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The times demand a new style of leadership. Employees today are highly trained and independent-they can offer much more to an enterprise than simply their obedience. And with the relationship between worker and organization constantly changing, no one person will likely be able to lead alone. Creating Leaderful Organizations presents a paradigm of leadership tailored to our times, one that is based on mutual-rather than heroic-leadership.
It is not merely consultative, with leaders graciously allowing followers to participate in leadership, nor is it a stewardship approach in which the leader occasionally steps aside to allow others to take over temporarily. It is a revolutionary new approach that transforms leadership from an individual property to a collective responsibility. Raelin details how "leaderful" practice can accomplish the critical processes of leadership more effectively than any existing approach. And using actual examples from leading-edge organizations, he offers practical guidance for assessing your own and others' leaderful predisposition, preparing for leaderful practice, distributing leadership roles, and dealing with resistance to change.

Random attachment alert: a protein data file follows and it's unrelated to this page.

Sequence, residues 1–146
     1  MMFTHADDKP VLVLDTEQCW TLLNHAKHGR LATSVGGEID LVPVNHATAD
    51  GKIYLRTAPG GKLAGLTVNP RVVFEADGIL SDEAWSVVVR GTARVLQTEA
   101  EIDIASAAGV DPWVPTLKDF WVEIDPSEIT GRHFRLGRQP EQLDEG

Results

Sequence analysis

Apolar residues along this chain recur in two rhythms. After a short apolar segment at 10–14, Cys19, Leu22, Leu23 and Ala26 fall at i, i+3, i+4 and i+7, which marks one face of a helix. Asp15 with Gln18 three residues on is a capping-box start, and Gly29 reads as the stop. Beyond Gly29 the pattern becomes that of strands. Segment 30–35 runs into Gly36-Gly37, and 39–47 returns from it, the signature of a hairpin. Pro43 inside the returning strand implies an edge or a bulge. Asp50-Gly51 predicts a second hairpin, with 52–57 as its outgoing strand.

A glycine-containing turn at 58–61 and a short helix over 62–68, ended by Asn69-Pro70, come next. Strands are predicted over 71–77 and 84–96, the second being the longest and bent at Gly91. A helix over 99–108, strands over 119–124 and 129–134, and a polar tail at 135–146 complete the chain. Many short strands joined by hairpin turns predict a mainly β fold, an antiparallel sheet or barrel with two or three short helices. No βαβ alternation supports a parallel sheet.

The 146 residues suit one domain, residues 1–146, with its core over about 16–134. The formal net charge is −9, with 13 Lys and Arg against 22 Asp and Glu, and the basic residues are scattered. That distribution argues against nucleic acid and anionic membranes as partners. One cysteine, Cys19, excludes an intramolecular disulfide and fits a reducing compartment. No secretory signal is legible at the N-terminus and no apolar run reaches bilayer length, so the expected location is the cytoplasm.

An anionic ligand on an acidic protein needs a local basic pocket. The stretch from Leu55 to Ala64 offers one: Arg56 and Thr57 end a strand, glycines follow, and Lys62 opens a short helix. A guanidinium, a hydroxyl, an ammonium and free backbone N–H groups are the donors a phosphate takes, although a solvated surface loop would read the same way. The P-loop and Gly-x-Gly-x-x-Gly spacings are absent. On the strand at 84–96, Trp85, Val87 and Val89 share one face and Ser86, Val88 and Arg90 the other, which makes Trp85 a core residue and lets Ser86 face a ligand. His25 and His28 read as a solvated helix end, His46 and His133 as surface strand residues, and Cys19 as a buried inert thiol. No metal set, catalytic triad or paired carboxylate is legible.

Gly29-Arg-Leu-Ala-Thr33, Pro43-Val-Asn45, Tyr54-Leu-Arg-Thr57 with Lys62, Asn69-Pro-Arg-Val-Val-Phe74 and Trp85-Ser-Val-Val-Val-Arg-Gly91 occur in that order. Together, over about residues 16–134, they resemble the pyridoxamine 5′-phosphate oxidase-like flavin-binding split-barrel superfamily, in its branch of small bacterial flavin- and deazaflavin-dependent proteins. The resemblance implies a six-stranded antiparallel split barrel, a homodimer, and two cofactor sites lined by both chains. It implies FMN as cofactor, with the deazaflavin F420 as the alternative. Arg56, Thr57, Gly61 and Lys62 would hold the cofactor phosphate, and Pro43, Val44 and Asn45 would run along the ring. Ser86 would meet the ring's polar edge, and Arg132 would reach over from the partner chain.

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Joe Raelin is an international authority in work-based learning and collaborative leadership development. He holds the Knowles Chair of Practice-Oriented Education at Northeastern University and was formerly Professor of Management at Boston College. His research has centered on human resource development, focusing in particular on executive education through the use of action learning. He is a prolific writer as well as a management consultant with some thirty-five years of experience working with a wide variety of organizational clients.Excerpt. © Reprinted by permission. All rights reserved.:
The Tenets of Leaderful Practice
What Is “Leaderful Practice”?
I would like to introduce you to an alternative paradigm of leadership: “leaderful practice.” It directly challenges the conventional view of leadership as “being out in front.” In the twenty-first-century organization, we need to establish communities where everyone shares the experience of serving as a leader, not serially, but concurrently and collectively.
Leaderful practice is unique compared to empowerment models that have become popular in recent years in that it does not merely present a consultative model wherein leaders in authority allow “followers” to participate in their leadership. Nor does it equate to stewardship approaches that see the leader step aside to allow others to take over when necessary. Instead, it offers a true mutual model that transforms leadership from an individual property into a new paradigm that redefines leadership as a collective practice.